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The story of our precious little girl's 17 months of life with Trisomy 18 (July 4, 2010 - December 15, 2011) and of us, re-learning to live "after Lilly."
"I will praise you for I am fearfully and wonderfully made ...." Psalm 139:14

Saturday, June 8, 2019

"Newborns with trisomy 13 or 18 can benefit from heart surgery"

I just wanted to share an exciting medical journal article, which finally acknowledges that infants born with Trisomy 18 or 13 are more likely to survive if they undergo heart surgery.  

Note that this article was published in October 2017 - but I don't remember seeing it before now.  Since people are still doing searches and frequently ending up on this blog, I wanted to put this information here.

The article is here:  https://med.stanford.edu/news/all-news/2017/10/newborns-with-trisomy-13-or-18-benefit-from-heart-surgery.html

Researchers at Stanford and the University of Arkansas analyzed data from the largest study of its kind and found that infants born with these two genetic disorders have a significantly better chance of survival if they have heart surgery.  (Heart defects are very common in T-13 and T-18 babies.)

For us parents of these precious children, this is a real "DUH!!!" moment. But to be getting the medical community on board?  That is HUGE!  Those of you that know my Lilly's story know that we had to go all the way to Florida to get her heart surgery because local doctors, here in N.C., would not treat her.  They believed it was "unethical" since she was just going to die anyway.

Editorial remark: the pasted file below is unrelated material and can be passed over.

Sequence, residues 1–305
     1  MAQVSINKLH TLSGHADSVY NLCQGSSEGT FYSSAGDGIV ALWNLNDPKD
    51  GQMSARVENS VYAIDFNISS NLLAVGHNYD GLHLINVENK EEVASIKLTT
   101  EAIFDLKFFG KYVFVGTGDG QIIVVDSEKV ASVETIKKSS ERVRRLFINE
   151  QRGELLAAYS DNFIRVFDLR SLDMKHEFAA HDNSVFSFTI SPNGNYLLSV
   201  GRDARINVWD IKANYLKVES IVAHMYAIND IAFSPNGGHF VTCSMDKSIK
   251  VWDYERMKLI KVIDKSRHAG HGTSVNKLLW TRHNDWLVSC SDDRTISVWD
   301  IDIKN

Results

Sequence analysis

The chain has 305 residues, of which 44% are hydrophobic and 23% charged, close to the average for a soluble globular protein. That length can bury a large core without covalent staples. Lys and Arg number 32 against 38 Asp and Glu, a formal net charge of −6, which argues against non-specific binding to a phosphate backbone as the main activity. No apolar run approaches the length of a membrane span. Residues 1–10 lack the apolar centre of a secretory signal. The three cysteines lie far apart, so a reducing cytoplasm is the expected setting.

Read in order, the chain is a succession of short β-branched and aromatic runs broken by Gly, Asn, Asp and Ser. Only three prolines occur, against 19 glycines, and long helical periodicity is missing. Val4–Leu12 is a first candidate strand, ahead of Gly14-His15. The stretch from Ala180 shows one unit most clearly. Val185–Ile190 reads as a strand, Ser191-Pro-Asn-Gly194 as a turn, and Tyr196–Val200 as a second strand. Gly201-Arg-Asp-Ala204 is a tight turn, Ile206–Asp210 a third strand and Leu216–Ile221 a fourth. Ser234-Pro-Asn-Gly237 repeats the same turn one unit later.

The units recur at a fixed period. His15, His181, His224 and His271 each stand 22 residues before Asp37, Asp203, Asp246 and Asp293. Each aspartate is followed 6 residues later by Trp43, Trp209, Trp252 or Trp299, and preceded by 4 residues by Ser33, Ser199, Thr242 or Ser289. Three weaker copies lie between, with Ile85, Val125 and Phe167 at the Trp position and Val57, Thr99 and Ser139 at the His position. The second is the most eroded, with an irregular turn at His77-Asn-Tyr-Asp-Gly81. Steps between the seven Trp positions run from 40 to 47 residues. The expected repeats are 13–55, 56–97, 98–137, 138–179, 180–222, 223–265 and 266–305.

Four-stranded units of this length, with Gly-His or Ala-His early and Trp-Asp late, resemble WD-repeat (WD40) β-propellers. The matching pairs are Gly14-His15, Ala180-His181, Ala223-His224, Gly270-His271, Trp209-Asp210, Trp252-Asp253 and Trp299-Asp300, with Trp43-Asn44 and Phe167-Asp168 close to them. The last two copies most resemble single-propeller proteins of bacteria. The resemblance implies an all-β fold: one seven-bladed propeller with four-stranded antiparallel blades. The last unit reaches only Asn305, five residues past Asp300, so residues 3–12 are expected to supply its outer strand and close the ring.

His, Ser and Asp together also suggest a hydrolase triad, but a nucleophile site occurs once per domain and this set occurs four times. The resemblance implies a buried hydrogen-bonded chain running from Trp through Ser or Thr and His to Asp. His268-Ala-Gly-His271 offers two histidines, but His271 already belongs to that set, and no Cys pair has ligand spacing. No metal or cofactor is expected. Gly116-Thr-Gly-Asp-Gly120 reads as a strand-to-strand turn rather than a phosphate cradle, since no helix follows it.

This belief was common.  From the article:  

 “The thought has been that it doesn’t make sense to undertake a major heart surgery if the patient’s death within a few months is a near certainty,” said Thomas Collins, MD, clinical associate professor of pediatric cardiology at Stanford."

Instead of death being so certain, the researchers found this:

"The researchers found that heart surgery increased survival and hospital discharge on average from 33 percent to approximately 67 percent for these patients, and that this benefit lasted through two years of follow-up. “When we analyzed the survival curves, the data spoke for themselves,” Collins said. “Especially for trisomy 18, the number of babies that survive more than doubles after surgery.”

As one of Lilly's heart doctor's said before her first heart surgery, it was her hope that Trisomy 18 (and 13) babies would one day be treated just as Down Syndrome children were.  (Note that years ago, Down Syndrome children were NOT medically treated well either.  But it finally changed for them.)

Lilly sleeping after her 2nd heart surgery (Nov. 2011)

Lilly waving - on the way home after surgery & recovery!

3 comments:

  1. I think of her SO often....❤

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